- Pelvic Surgery: You might experience deep genital pains during sexual intercourse after pelvic surgeries like hysterectomies or cancer treatments.
- History of Sexual Abuse: Not everyone with a history of sexual abuse experiences dyspareunia. However, in some situations, a history of sexual abuse can create a mental barrier to sexual intercourse in general, leading to the experience of painful sensations.
- Stress: Women who lead stressful lives often experience discomfort during sex. That’s because stress releases hormones and chemicals that trigger the contraction of pelvic floor muscles, leading to painful intercourse.
- Underlying Psychological Issues: Painful sexual intercourse can also be traced to psychological issues, such as depression, anxiety, fears, body dysmorphia, and other factors that lead to stress and low arousal.
Diagnosing the Root Cause of Painful Intercourse
If you experience persistent or recurrent genital pains during intercourse, you should contact a reliable doctor. During your medical evaluation, the doctor might ask about your symptoms, sexual health history, lifestyle habits, medical history, childbirth, surgeries, and other personal information. It’s extremely important to provide accurate reports and answers without fear of shame or stigma. You may also have to discuss the frequency of your sexual encounters, the number of sexual partners, and sexual positions that cause pain.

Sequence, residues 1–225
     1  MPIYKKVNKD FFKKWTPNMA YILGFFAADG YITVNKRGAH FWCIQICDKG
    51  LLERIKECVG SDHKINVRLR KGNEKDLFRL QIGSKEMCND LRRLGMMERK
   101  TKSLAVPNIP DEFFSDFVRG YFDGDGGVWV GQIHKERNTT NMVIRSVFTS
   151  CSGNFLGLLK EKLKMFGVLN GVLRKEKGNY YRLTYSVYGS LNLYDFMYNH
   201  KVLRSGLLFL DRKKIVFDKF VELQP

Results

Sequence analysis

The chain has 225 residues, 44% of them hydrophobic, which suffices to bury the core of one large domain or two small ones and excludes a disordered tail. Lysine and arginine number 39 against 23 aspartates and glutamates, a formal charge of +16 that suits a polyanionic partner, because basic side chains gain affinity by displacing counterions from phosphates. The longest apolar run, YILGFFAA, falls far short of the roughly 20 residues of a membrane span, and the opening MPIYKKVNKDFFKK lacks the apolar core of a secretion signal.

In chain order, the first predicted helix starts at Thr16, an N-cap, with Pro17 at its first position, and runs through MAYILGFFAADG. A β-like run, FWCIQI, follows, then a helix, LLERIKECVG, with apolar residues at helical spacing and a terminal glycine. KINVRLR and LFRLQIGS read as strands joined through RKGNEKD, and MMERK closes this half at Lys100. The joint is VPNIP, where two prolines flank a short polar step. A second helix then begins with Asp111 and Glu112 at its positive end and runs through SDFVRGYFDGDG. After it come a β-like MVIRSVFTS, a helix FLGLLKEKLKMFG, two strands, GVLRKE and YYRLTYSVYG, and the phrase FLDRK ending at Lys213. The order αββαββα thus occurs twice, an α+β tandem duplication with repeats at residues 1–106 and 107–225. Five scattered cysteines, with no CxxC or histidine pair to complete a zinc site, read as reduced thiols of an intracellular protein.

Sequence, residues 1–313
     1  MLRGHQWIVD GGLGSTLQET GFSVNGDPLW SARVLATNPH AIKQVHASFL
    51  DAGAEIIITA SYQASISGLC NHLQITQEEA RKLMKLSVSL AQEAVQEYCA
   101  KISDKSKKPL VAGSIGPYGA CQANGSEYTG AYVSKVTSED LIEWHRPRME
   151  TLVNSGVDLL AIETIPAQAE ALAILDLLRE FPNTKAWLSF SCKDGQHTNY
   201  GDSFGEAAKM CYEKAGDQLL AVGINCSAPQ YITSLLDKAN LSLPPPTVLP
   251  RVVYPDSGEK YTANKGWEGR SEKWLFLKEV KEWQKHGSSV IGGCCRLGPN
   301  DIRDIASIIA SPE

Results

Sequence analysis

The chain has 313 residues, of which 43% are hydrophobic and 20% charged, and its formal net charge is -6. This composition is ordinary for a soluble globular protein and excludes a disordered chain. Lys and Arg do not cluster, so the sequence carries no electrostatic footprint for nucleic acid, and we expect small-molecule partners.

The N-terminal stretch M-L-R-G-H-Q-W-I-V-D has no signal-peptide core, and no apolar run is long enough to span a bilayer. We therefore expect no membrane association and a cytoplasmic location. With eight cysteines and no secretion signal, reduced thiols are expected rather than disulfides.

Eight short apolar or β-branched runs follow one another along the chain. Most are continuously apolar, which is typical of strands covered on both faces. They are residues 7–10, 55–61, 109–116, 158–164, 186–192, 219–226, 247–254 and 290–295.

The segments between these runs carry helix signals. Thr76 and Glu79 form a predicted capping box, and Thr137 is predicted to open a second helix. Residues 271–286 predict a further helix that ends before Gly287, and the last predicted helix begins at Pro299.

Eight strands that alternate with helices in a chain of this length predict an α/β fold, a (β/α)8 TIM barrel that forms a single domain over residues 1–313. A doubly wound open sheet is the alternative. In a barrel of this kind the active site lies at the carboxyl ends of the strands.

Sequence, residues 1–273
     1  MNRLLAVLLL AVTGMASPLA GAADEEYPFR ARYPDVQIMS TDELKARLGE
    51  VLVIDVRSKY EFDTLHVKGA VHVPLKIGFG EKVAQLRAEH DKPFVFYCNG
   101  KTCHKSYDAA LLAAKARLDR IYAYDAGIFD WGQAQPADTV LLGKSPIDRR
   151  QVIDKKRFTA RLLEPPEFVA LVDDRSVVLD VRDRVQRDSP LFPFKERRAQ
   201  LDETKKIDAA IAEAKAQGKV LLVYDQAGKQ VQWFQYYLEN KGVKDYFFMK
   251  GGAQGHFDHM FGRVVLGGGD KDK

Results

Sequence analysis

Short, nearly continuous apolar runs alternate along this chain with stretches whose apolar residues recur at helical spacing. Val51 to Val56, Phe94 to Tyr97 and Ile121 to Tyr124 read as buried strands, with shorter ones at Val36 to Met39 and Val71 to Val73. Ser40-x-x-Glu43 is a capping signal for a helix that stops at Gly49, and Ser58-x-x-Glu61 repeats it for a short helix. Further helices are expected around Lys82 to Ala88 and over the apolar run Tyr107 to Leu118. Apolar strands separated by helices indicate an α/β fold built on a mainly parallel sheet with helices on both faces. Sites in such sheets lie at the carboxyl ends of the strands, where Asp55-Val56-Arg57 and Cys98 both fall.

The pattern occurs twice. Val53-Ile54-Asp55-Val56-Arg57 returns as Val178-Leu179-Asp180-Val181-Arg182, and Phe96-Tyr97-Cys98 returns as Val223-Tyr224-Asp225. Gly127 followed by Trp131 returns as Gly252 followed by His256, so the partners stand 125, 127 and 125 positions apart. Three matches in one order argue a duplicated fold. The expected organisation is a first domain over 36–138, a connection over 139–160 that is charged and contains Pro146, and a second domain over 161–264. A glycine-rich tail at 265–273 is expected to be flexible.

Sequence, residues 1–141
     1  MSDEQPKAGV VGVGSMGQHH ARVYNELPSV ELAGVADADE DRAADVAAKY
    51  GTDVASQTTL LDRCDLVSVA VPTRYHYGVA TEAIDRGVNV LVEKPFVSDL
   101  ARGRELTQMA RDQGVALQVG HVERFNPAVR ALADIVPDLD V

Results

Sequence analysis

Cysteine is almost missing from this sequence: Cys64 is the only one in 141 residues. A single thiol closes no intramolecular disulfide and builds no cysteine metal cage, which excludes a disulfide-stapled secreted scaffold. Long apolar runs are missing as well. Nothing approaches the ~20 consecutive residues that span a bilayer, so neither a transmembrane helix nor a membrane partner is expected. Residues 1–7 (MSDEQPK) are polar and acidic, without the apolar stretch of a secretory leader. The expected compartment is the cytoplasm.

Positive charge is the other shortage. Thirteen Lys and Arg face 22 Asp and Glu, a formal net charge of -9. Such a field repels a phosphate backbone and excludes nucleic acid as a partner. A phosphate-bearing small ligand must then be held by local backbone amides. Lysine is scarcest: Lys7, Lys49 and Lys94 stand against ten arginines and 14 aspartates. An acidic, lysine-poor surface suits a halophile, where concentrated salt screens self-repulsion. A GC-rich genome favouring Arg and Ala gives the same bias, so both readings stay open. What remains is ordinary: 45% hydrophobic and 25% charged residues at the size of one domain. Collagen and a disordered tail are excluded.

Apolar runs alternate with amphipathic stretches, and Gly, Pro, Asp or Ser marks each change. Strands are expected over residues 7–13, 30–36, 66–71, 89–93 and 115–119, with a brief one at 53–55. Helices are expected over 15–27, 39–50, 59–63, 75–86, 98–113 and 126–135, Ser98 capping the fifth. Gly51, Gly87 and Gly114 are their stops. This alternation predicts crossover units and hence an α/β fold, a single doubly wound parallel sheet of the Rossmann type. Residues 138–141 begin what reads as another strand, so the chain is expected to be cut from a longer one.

It’s extremely important to provide accurate reports and answers without fear of shame or stigma.
The discussion will be followed by a pelvic examination. Your doctor will examine the pelvic region to look for signs of skin disorders, infections, inflammations, and structural problems that might cause discomfort. They might also pressure your pelvic muscles or genitals to identify the true locus of the pain.
Finally, they perform a visual examination of the vaginal canal using an instrument called a speculum. This device separates the vaginal walls, allowing the doctor to visualize the inner walls of your vagina. Some women experience mild discomfort during pelvic exams, but you should freely express how you’re feeling at every point.
In some cases, if the doctor suspects underlying health conditions, they might order additional tests, such as a pelvic ultrasound, CT scans, X-rays, etc.